Great Plague of London Enquiry


Great Plague of London Enquiry


Great Plague of London Enquiry. The Great Plague is taught to Key Stage 3 pupils and often forms part of a 1-9 GCSE History unit on the history of Medicine. The arrival of the Plague and it’s rapid spread through the city of London in 1665 is one of the first major outbreaks for which we have a wide range of contemporary accounts and records. Unlike the Black Death, we can see administrative files covering the parishes and their losses. These were published on bulletins, giving us a picture of where the Plague spread and clues as to what led to higher or lower death rates.

The Great Plague also provides us with a lot of contemporary evidence about peoples beliefs about the cause of disease. Illustrations, books and official records all point us at a variety of attempts at preventing the spread of the disease, to the treatments that were attempted and to the attitudes of society towards the plague of the time.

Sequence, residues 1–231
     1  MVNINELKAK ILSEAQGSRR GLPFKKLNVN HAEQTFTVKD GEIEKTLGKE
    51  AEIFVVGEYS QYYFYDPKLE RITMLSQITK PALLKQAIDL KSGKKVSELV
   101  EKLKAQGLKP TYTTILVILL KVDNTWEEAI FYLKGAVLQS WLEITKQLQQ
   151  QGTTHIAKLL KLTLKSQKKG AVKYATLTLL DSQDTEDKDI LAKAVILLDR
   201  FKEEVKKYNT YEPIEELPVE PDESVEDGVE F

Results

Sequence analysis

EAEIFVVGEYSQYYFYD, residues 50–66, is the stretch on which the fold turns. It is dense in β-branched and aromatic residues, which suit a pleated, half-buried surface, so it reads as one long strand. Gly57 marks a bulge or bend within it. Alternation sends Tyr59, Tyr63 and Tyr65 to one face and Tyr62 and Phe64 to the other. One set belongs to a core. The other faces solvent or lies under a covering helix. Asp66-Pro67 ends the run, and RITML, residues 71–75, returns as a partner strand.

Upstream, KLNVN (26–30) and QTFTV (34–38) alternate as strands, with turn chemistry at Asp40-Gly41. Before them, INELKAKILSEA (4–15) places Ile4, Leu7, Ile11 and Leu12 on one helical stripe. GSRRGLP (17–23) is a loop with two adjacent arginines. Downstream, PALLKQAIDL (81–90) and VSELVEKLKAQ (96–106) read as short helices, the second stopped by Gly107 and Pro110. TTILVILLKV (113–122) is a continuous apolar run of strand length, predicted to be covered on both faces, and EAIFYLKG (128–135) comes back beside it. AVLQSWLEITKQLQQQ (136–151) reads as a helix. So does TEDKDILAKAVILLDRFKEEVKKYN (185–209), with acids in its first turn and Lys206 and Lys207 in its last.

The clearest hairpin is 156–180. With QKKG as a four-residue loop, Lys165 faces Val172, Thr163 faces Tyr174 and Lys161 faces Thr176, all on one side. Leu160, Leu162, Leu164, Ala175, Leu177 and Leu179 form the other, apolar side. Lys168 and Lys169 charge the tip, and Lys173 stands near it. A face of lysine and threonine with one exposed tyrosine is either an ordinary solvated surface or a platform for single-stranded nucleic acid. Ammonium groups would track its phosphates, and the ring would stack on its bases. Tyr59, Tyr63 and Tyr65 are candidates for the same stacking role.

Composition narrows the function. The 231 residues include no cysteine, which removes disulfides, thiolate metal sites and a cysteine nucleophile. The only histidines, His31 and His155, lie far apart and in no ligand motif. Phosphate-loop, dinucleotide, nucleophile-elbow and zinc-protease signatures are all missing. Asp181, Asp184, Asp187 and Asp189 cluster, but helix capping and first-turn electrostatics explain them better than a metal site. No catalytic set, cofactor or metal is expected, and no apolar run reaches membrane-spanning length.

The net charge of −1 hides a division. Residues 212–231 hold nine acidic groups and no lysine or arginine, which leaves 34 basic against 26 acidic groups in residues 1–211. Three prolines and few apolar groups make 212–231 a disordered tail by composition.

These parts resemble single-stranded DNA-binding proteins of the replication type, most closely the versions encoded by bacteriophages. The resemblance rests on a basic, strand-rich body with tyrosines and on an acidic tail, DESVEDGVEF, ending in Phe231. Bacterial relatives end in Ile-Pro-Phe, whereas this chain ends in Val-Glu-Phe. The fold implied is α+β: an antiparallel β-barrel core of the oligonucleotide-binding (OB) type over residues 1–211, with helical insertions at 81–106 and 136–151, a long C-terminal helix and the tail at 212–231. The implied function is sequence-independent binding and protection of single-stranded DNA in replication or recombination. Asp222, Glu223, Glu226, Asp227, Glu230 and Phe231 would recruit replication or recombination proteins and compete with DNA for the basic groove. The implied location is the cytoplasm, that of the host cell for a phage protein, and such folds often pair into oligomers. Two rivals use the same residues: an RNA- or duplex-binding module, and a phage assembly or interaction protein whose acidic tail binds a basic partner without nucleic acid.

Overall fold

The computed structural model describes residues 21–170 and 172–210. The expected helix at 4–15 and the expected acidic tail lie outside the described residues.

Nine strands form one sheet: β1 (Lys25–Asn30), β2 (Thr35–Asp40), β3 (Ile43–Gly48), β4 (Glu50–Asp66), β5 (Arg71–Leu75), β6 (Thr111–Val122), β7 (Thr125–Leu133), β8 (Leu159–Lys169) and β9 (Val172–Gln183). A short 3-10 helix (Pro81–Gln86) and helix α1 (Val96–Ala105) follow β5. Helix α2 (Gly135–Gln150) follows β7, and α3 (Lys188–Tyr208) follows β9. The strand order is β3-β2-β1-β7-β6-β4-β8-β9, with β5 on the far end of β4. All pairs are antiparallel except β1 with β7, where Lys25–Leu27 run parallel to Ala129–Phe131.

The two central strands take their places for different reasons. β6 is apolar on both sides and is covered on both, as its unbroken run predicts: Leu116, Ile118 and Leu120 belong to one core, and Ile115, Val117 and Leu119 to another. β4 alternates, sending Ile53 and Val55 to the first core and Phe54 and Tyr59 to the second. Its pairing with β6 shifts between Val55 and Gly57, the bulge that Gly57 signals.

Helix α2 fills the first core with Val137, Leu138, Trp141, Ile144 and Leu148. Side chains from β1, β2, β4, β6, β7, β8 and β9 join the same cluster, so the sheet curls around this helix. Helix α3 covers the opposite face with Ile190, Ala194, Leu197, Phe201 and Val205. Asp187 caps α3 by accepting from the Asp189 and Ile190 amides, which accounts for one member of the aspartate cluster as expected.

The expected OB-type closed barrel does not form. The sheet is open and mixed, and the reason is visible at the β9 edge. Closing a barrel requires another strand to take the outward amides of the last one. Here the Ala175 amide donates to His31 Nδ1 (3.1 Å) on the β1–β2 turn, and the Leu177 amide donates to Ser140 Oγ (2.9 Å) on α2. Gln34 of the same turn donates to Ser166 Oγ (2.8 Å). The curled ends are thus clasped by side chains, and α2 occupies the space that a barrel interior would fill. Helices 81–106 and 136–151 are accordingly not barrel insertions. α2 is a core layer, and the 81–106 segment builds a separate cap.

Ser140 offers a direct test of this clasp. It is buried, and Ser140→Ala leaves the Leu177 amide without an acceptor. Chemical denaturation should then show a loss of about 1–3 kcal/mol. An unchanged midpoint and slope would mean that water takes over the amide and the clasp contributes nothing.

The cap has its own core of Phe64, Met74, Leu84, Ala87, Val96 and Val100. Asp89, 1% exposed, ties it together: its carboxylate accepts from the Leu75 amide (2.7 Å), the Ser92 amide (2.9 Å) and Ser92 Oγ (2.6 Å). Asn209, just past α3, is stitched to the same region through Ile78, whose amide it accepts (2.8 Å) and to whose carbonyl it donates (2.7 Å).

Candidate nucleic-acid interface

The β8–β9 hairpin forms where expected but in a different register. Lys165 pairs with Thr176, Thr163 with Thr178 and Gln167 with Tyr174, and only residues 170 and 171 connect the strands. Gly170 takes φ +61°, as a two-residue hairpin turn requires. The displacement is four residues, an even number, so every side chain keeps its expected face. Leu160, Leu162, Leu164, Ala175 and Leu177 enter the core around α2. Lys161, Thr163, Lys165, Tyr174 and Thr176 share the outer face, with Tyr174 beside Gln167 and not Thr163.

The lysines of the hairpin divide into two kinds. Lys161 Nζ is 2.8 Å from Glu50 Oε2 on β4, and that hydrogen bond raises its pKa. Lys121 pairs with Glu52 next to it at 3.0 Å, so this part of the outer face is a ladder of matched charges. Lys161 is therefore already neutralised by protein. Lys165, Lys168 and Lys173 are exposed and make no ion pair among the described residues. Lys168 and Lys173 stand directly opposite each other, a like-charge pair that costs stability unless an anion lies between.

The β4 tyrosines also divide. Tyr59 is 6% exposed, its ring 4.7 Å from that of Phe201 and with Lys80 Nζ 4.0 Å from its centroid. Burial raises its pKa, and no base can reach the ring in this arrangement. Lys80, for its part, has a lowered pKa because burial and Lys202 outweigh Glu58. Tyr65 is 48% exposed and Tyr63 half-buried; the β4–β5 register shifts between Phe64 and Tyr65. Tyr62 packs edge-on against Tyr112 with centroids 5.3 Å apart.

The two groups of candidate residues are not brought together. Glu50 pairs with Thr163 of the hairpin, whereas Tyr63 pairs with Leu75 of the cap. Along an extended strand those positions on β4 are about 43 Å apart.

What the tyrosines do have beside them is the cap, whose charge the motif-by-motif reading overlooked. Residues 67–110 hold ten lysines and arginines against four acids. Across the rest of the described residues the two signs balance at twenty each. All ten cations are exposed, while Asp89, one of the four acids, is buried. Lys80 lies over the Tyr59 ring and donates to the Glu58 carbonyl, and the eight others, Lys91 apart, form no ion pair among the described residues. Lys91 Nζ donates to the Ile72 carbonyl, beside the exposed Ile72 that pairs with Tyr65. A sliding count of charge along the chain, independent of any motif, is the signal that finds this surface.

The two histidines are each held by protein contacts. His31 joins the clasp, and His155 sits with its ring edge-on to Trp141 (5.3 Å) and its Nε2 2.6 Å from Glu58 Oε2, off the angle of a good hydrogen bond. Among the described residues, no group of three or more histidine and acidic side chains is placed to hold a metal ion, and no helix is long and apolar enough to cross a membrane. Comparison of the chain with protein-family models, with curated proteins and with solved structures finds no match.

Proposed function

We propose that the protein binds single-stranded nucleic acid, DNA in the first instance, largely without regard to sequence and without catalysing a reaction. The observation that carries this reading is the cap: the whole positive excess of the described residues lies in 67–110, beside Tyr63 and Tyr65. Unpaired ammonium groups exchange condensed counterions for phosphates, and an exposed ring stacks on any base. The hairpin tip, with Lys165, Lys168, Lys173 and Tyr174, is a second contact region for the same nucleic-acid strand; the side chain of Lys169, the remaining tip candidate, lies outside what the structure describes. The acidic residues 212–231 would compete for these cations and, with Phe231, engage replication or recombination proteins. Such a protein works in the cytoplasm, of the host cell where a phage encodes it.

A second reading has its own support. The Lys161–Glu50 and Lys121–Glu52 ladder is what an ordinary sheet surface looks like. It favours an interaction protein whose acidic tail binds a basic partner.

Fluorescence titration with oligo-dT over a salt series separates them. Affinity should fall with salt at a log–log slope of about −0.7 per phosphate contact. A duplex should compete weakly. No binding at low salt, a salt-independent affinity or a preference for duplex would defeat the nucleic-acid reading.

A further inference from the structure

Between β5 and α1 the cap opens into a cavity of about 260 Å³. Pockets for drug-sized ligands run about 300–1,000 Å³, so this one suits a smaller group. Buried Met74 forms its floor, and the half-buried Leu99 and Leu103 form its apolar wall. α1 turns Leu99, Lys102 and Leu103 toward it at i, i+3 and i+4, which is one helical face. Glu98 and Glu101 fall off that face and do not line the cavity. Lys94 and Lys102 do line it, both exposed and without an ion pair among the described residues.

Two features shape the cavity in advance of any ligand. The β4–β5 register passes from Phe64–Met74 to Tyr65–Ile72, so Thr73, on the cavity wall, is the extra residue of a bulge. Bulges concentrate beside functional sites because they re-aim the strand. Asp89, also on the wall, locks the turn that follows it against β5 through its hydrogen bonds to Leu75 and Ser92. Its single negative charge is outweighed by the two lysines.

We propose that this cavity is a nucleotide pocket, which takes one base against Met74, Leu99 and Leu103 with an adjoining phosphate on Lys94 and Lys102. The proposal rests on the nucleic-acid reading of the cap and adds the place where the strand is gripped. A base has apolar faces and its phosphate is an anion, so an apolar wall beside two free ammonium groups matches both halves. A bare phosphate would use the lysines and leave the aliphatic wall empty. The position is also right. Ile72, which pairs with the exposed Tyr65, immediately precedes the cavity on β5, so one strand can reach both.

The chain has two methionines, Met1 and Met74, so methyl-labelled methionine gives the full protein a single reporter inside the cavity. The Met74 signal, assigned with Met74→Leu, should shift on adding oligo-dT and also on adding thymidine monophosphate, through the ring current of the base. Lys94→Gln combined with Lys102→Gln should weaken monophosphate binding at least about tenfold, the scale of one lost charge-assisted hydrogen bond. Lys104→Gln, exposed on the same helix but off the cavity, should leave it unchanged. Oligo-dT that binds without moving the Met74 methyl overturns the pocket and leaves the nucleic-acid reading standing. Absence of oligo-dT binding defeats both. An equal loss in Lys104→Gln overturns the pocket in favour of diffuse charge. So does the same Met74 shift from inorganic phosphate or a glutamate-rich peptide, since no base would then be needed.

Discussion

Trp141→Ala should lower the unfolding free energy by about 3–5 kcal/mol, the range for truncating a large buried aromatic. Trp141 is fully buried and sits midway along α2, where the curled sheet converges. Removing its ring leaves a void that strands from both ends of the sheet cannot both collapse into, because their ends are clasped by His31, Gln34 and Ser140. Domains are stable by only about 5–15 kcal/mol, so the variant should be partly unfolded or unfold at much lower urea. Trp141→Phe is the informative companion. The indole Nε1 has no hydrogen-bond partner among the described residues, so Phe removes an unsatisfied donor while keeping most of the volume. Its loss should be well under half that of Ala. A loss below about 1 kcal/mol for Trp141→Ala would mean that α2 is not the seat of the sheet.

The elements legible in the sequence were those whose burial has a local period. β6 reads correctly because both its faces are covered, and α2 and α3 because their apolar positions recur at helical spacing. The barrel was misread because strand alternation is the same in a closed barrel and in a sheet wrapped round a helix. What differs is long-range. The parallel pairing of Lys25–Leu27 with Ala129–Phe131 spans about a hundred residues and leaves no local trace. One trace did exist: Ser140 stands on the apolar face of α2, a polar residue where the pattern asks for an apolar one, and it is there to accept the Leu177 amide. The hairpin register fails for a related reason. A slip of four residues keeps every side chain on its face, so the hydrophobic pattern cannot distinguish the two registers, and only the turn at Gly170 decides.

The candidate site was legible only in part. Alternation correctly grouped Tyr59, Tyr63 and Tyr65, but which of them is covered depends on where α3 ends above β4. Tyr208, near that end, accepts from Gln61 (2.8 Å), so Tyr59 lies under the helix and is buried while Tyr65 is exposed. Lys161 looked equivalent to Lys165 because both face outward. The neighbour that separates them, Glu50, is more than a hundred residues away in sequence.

This activity can be done by KS3 students, though was initially created for a GCSE class. It takes some of the data and asks students to interpret it. Broadsheets are used to ask pupils to identify features of the news and to infer what this tells us about beliefs and attitudes at the time. Data is extracted from the broadsheets and made a little easier for students to read. They are then asked to look at the data alongside other sources of information, including Pepys Diary. Questions look at the evidence of superstition, scientific methodology and the reliability of contemporary records. The data itself is used to create a chart, this element can be used to compare the impact of the Great Plague with later outbreaks of diseases such as Cholera.

Medicine in the RenaissanceAndreas VesaliusWilliam HarveyThe Great Plague an inquiryWorksheet: VesaliusWorksheet: GCSE exam practise, William Harvey

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